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Lead, Follow or Get Out of the Way

Lead, Follow or Get Out of the Way

Lead, follow, or get out of the way.

That was the motto of my grade school police patrol training camp. Little did I know that at the age of twelve I was being groomed to be a safety leader. At that time my sixth grade teacher picked the patrol officers based on likability by the students. I became captain because I was a nice boy and tall.

I’m all grown up now and regularly help others understand the value of developing safety leaders. It goes without saying strong safety leadership is needed at the top of an organization to show and tell the priority of safety. But the biggest bang for the buck comes from front-line supervision—the safety champions in the trenches. Front-line safety supervisors engage the workforce when it comes to delivering the safety mission or as I like to think of it “where the rubber meets the road.”

Traits of an Excellent Supervisor

If I had the ability to go to a laboratory and create a supervisor, a “super” safety supervisor, I would build that person with the following traits:

To sum-up, great safety leaders change behavior and help establish a safety culture by engaging minds and hearts, setting examples, encourage, coach, inspire, discipline fairly, and effectively communicate.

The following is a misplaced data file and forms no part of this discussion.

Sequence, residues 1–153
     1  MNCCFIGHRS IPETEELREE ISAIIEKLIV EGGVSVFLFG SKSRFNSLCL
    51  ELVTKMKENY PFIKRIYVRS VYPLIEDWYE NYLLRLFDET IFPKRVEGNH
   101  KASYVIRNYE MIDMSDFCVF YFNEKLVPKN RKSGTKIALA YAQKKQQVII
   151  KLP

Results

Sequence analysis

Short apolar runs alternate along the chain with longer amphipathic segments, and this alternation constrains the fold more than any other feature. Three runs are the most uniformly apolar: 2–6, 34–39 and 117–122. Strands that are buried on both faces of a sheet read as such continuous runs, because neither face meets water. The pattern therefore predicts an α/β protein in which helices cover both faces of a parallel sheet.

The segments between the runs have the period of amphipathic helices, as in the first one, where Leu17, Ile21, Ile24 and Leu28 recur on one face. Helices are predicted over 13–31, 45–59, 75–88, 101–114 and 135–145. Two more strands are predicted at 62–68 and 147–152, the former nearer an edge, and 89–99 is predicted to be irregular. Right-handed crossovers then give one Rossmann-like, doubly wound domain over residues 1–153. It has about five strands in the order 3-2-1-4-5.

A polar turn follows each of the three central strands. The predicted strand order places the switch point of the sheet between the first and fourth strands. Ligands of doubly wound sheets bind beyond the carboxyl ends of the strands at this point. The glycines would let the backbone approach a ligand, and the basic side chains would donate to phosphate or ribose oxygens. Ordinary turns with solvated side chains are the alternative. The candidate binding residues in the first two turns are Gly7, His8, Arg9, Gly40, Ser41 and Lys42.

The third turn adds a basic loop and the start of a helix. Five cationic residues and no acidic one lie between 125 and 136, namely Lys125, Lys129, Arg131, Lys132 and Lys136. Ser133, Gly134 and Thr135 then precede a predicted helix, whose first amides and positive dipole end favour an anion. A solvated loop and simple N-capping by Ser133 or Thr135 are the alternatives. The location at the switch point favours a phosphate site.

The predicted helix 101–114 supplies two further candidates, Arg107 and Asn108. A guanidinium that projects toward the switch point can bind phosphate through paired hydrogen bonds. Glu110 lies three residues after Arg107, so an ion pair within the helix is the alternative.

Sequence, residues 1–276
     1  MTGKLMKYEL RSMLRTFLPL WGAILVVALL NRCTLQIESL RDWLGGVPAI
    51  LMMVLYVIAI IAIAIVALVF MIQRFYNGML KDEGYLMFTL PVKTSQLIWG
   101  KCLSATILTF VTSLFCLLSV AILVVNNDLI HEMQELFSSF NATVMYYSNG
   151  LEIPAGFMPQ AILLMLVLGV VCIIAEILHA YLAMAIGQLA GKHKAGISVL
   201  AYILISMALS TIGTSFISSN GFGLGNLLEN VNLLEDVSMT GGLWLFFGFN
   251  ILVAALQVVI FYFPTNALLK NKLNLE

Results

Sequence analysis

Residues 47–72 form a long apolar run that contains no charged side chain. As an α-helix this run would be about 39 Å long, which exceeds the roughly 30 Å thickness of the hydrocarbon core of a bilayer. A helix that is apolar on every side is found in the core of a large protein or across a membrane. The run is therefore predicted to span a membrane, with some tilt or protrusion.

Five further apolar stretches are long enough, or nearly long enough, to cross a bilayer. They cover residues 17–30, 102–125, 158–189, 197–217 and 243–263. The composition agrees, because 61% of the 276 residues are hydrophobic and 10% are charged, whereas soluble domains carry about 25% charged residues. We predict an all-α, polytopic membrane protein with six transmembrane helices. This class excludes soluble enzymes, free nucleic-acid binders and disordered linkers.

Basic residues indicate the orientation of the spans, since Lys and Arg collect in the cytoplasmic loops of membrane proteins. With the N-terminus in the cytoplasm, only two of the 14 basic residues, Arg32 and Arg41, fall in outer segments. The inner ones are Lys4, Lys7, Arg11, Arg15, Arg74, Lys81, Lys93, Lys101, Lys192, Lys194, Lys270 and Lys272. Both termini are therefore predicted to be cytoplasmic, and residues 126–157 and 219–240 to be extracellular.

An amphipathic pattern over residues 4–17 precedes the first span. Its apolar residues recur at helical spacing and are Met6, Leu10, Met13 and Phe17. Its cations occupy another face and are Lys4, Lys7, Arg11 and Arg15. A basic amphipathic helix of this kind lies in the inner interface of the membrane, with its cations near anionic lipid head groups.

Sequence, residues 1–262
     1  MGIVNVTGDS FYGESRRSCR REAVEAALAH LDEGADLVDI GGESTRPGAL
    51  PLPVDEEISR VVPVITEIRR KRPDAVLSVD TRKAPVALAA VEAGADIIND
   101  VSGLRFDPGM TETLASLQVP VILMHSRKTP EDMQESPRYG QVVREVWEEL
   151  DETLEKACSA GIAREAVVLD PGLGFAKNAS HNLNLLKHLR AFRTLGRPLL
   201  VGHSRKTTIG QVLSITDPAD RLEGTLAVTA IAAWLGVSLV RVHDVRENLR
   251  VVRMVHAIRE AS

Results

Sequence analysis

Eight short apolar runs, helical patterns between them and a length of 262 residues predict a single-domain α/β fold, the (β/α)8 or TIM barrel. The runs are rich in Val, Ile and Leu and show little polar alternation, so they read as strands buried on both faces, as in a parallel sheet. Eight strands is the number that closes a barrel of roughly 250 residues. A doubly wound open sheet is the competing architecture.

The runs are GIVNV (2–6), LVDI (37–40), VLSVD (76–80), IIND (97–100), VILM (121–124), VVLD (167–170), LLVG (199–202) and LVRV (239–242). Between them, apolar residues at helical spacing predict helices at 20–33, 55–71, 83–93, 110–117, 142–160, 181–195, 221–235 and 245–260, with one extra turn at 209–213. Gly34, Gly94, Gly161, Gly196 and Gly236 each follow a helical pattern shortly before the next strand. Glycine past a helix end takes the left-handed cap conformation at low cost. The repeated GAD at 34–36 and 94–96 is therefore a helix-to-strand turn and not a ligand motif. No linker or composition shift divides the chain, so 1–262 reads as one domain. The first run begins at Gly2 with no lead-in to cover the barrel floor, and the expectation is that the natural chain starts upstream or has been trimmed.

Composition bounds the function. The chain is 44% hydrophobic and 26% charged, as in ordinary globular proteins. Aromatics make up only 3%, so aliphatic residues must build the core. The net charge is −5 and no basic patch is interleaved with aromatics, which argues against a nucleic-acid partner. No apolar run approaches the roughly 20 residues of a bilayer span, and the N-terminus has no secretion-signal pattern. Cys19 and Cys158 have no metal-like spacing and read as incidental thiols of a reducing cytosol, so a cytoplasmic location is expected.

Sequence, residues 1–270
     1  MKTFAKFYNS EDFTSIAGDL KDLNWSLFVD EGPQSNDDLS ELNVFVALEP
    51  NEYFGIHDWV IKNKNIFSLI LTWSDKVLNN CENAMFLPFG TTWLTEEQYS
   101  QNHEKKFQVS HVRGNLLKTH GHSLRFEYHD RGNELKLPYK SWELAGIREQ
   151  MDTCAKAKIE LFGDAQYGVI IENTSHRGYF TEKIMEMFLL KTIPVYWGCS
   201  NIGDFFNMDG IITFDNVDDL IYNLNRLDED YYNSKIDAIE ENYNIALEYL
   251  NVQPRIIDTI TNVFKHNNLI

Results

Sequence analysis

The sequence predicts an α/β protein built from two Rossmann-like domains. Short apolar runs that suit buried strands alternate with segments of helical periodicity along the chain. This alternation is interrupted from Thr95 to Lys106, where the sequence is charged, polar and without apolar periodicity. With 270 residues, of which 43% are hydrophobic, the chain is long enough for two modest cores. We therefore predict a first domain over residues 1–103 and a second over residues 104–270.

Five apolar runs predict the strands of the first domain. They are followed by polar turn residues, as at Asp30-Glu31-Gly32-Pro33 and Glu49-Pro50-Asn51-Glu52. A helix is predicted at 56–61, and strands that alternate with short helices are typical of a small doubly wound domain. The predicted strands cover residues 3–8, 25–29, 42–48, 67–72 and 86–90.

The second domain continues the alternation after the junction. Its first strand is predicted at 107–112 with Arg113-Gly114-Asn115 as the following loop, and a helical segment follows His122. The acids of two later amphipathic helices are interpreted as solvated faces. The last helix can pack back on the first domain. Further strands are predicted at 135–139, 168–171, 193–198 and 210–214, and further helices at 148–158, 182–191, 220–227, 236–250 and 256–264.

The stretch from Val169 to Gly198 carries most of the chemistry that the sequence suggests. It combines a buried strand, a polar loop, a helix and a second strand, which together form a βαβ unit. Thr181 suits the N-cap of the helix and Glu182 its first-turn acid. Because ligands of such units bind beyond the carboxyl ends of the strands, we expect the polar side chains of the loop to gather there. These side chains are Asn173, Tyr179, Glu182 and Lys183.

Developing Great Leaders

So how do you develop great safety leaders? In most cases it takes time and money. Rarely does one person have the complete package and need no alterations. The irony may be that you want safety leaders to be agents of change and to do that you have to modify their behavior first. Here are some recommendations to consider for “grooming” your safety leadership force:

Strong effective leaders are invaluable. These individuals define and establish culture, drive goals, set objectives and keep check on values and the corporate mission. They ensure that safety matters, and in doing so carries equal weight along with production and quality. I guess I did chose to help lead (in my own way), rather than follow or get out of the way.

Are you expected to lead in your current job role? Do you hold yourself to a high enough standard to be effective? If you’re humble you probably tell yourself there is always room for improvement. Your challenge this month is to take one of the “super safety supervisor” traits described above and focus on improving your behavior. Simply start by using a daily reminder such as well-placed post-it-notes, a wrist band, a watch that beeps every hour, etc. The idea is to trigger a refocus on safety leadership self-improvement. If you put these tools into practice in your own life, you'll be a better supervisor before you know it.

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